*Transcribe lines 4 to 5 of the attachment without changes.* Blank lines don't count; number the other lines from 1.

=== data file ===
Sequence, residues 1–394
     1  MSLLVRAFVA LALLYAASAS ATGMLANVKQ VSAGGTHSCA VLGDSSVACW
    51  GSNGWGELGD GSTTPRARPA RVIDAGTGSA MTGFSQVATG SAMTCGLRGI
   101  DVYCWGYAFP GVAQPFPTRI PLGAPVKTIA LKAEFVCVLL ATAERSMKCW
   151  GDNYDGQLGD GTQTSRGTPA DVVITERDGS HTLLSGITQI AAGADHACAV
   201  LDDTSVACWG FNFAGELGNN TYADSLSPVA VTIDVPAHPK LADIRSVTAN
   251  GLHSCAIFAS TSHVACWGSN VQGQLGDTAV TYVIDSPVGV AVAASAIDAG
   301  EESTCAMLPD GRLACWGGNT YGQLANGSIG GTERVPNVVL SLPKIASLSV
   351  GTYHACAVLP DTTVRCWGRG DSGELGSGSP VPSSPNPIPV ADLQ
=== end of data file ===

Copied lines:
   101  DVYCWGYAFP GVAQPFPTRI PLGAPVKTIA LKAEFVCVLL ATAERSMKCW
   151  GDNYDGQLGD GTQTSRGTPA DVVITERDGS HTLLSGITQI AAGADHACAV